by Ron Burch

I awake to find a heavy chain shackled around my ankle. I try to remove it but cannot. The length of the chain runs through my apartment, sometimes coiling around itself, but eventually leading out my front door.

I follow the chain out of my apartment, down three flights of stairs, through several streets and into the city park. Through the park I walk, following this chain, through tunnels, down culverts, over small hills, across the community tennis courts, past a group of sun bathers, and on for hours. I finally collapse on a bench from exhaustion -- the chain continues on as far as I can see. I decide to return home, and I make it out of the park just as the sun starts to set.

On the way home, I pass a locksmith's shop which is closing. An old man in a cardigan sweater stands behind the counter. I knock on the door and surprise him. He looks up at me and points to his watch.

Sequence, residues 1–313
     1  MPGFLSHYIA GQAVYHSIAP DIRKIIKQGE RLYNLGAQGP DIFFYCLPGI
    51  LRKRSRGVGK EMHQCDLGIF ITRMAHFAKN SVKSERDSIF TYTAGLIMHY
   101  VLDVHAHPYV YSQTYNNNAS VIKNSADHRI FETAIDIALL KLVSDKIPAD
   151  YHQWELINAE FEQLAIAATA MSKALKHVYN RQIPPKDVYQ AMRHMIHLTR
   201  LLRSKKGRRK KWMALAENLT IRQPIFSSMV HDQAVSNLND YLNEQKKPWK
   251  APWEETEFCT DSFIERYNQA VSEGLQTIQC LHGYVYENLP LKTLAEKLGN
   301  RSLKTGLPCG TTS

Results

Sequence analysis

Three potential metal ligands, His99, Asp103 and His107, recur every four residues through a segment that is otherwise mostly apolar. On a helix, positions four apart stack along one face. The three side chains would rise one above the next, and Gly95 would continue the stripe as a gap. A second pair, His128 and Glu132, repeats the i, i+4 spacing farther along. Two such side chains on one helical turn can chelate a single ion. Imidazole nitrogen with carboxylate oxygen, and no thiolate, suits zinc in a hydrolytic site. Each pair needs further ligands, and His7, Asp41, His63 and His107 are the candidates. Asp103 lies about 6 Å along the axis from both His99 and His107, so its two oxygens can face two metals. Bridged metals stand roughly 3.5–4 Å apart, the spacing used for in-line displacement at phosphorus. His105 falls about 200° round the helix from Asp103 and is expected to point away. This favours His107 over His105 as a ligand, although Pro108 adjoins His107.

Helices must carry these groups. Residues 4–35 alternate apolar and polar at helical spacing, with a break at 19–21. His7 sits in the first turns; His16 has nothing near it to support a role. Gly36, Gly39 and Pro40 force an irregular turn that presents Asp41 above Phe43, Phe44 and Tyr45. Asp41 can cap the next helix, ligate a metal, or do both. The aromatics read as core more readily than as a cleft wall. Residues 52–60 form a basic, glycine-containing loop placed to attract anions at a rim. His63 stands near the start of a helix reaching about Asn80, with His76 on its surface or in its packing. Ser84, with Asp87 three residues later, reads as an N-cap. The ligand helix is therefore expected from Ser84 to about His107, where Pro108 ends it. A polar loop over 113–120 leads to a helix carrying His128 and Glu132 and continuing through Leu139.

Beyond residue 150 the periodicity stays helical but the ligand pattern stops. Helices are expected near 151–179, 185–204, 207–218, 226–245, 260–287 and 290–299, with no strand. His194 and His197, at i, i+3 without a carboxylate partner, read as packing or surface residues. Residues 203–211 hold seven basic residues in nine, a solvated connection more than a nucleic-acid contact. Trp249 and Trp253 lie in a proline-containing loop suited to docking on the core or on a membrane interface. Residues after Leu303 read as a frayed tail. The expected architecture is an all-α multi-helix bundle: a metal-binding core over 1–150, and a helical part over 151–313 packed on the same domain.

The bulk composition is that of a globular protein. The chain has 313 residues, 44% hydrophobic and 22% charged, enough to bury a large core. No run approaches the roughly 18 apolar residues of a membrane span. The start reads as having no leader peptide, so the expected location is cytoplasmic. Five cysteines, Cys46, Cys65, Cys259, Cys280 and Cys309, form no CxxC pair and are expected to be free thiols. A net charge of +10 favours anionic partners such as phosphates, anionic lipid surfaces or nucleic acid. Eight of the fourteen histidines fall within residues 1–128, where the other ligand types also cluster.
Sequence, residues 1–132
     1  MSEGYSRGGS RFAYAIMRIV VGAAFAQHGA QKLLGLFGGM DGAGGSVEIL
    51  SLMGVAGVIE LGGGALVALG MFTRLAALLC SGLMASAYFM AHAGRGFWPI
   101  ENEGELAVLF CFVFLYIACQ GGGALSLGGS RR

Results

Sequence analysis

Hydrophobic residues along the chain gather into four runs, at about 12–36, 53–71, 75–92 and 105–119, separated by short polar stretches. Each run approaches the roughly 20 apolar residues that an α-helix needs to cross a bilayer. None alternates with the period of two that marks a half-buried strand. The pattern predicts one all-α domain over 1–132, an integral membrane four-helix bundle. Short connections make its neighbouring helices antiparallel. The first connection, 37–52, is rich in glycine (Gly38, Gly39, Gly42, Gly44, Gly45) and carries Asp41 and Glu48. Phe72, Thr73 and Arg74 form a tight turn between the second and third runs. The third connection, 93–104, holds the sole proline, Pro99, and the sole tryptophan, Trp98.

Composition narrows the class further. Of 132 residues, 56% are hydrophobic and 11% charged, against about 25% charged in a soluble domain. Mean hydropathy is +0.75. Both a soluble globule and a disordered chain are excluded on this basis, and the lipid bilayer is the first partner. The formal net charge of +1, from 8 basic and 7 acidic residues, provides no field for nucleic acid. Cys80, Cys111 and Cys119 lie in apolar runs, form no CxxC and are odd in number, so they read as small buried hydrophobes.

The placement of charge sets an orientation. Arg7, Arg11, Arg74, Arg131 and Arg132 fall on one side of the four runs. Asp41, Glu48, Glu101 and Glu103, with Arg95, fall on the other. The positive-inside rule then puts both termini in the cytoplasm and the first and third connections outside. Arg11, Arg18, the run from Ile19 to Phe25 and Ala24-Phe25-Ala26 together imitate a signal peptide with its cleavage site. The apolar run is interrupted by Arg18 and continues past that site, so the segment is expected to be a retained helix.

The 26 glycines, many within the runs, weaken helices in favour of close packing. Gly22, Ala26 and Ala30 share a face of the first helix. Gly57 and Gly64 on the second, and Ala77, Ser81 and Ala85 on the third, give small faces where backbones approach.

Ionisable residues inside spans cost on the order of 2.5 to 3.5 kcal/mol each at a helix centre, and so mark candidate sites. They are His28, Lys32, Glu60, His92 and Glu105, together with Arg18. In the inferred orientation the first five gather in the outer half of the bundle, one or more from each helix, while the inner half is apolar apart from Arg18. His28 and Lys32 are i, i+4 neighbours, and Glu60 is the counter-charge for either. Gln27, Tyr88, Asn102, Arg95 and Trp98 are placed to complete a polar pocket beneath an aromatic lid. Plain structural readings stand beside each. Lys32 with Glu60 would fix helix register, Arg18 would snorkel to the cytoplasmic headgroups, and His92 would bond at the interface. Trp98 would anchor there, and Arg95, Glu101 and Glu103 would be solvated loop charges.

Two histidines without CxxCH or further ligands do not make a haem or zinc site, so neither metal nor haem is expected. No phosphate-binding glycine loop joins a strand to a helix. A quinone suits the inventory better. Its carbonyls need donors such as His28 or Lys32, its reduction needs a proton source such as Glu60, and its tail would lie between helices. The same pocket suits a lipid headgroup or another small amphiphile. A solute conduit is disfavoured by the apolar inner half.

I hold up the chain.

He leaves the counter and unlocks the door, inviting me in. The shop smells thick with oil.

“What can I do for you?” the old man asks.

I point to the chain and he sees that it is shackled to my ankle. He grabs the shackle, looking at it and then the chain.

“Can you cut this off?” I ask. The old man stares at me.

            “No,” he finally replies, shaking his head and ushering me to the door, “it's not yet time.”